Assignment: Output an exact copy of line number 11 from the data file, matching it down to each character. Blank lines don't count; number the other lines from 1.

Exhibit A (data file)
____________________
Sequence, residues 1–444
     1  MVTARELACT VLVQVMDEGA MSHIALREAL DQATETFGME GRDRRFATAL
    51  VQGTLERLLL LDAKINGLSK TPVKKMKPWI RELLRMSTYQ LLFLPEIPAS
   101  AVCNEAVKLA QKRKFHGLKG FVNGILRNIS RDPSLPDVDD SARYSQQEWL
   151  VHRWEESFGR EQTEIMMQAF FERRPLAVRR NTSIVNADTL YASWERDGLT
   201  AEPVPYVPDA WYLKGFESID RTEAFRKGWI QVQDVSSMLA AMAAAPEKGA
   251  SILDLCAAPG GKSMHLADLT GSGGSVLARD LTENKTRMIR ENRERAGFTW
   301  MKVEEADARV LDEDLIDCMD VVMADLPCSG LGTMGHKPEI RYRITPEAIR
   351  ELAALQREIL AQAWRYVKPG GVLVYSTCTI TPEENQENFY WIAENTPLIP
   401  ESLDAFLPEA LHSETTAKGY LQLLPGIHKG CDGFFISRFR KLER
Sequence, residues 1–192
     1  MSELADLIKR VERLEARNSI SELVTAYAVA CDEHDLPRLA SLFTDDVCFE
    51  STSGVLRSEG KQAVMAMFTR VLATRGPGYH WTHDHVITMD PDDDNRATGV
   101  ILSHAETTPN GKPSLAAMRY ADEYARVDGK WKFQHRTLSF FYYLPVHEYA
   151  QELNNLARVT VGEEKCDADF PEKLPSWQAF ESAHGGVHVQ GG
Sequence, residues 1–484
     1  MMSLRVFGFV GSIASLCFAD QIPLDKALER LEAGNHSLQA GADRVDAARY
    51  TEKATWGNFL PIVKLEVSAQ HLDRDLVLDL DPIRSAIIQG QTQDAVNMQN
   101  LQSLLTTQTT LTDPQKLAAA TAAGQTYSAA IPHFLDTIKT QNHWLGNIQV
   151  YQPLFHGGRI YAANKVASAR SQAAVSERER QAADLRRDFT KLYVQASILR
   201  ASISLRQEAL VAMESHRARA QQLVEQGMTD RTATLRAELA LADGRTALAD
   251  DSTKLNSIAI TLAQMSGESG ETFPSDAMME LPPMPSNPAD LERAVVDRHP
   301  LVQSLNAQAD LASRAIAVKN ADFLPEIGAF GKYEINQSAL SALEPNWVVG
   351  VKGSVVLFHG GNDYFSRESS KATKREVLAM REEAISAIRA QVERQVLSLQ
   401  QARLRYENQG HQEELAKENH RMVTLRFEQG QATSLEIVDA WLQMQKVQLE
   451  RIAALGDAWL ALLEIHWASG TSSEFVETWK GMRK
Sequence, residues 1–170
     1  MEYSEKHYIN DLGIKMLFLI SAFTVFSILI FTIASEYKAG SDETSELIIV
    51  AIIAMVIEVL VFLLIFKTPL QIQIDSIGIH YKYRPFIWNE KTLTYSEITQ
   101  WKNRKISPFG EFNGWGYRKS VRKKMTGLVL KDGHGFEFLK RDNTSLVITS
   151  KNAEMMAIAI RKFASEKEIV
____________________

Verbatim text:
Sequence, residues 1–192